Prominent Mi’kmaq Warrior evicted from apartment calls for reform
by Trina Roach, APTN National News, April 7, 2017
An eviction notice for a well-known Mi’kmaq warrior has her raising questions around housing security for people who rent apartments on reserve.
Suzanne Patles, a key figure in the 2013 fracking protests near Elsipogtog, NB, is a band member of the Eskasoni First Nation in Nova Scotia. She’s lived in the same apartment there for over 11 years, along with her partner and three sons.
On April 3, she received an eviction notice from her landlord telling her “effective immediately” she and her family had to “vacate the premises.”
She wasn’t told why.
“It’s disheartening. It hurts,” said Patles. “And it’s really stressing to deal with this type of situation of what to do and not knowing…what I am going to find for support and help.”
Reaching out to the band, to councillors and to her landlord hasn’t gotten her any answers.
“I seriously don’t want to leave my community. I love my community. I love my people,” said Patles. “I’m an indigenous woman who is being ostracized from my community because I have nowhere to go.”
Like so many reserves with long waiting lists for housing, Patles is now looking off-reserve. The closest apartments are in Sydney, NS, a city around 40 km away.
“One of my kids is in the immersion program; a program that is not offered anywhere else in the entire world. I can’t take my seven-year-old away from that, from his Mi’kmaq immersion program. It’s really important to me for him to receive that education,” said Patles. “My 13-year-old was like, ‘But all of my friends are here. Everything I know is here.’”
She’s left making some tough choices that will divide her family.
“Unfortunately I will have to leave my older kids with my siblings and I will have to relocate myself and just take my children on the weekends and in the summer,” she said.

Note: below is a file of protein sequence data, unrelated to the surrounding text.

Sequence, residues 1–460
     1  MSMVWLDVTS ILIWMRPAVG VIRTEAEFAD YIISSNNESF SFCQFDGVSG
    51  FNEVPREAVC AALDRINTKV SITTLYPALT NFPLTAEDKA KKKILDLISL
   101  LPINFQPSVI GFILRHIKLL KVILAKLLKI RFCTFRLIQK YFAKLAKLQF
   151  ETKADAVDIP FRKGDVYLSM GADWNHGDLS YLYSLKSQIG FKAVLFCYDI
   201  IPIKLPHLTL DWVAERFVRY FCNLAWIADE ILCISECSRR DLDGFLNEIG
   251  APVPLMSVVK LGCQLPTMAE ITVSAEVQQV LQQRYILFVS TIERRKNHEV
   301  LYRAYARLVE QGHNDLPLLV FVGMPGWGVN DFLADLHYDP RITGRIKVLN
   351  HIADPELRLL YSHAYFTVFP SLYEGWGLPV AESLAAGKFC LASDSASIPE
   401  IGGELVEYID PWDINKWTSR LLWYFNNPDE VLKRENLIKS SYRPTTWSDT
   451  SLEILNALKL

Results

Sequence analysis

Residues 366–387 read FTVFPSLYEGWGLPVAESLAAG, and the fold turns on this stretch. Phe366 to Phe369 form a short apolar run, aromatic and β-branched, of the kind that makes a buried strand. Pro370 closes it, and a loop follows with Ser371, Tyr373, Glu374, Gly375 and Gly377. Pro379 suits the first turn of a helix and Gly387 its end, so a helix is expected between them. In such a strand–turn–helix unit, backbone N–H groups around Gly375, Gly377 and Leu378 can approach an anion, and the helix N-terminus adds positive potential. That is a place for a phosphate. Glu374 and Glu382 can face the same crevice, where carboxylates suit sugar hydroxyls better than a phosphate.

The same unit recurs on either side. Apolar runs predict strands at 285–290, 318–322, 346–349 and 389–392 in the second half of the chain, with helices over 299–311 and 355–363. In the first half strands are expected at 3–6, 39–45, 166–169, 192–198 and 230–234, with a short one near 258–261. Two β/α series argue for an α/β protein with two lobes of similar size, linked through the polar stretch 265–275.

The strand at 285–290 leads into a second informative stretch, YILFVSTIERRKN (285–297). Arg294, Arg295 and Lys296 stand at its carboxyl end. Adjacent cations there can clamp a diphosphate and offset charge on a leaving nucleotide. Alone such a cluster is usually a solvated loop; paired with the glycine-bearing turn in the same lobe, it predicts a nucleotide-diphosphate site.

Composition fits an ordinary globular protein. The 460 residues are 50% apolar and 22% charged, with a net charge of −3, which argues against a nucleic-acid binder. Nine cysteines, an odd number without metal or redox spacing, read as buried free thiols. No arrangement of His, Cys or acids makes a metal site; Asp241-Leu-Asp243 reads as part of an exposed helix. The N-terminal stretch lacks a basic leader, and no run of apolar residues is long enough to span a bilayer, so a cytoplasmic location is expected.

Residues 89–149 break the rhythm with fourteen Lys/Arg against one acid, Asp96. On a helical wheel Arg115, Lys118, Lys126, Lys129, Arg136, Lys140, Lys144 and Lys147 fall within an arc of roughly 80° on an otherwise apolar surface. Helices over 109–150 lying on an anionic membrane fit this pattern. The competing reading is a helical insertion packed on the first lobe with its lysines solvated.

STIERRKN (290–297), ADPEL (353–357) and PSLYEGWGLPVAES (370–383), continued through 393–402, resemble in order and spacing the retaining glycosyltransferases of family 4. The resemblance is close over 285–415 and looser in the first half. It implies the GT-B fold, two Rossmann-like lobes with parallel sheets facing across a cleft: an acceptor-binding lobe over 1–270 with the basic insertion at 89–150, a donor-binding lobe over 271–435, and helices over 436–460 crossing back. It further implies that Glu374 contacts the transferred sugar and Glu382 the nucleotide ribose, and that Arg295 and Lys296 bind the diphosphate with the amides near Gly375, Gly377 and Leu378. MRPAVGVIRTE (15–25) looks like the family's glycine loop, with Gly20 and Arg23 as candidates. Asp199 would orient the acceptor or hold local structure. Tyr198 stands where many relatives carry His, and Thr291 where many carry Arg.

Her landlord, Leonard Paul, told APTN in a phone interview, that Patles’ eviction was over noise complaints.
Patles acknowledges the noise complaint was made after a verbal argument with her partner, Germaine Breau.
“But nothing physical happened, no charges were made,” said Patles. “Those kinds of things happen, nobody’s life is perfect, nobody can get along 24-7 and tensions do rise.”
And she stresses that she wasn’t told why she was being evicted. Or given any warning.
“There should be a fair process. If there was a noise complaint then why didn’t he issue a written warning?” she said.
If Patles lived off-reserve, a landlord would have to give her 15 days’ notice. But the province’s Residential Tenancy Act doesn’t apply on-reserve. And there are no federal laws governing the rights of tenants and landlords.
“It’s a complete grey area of the law,” said Patles. “There is a severe gap there, and that’s a gap needs to be filled. Elected leadership needs to look into creating a BCR (Band Council Resolution) to implement these bylaws, so there would be proper steps taken. There needs to be steps. It’s unfortunate they tell you ‘OK you gotta go’ and then that’s it.”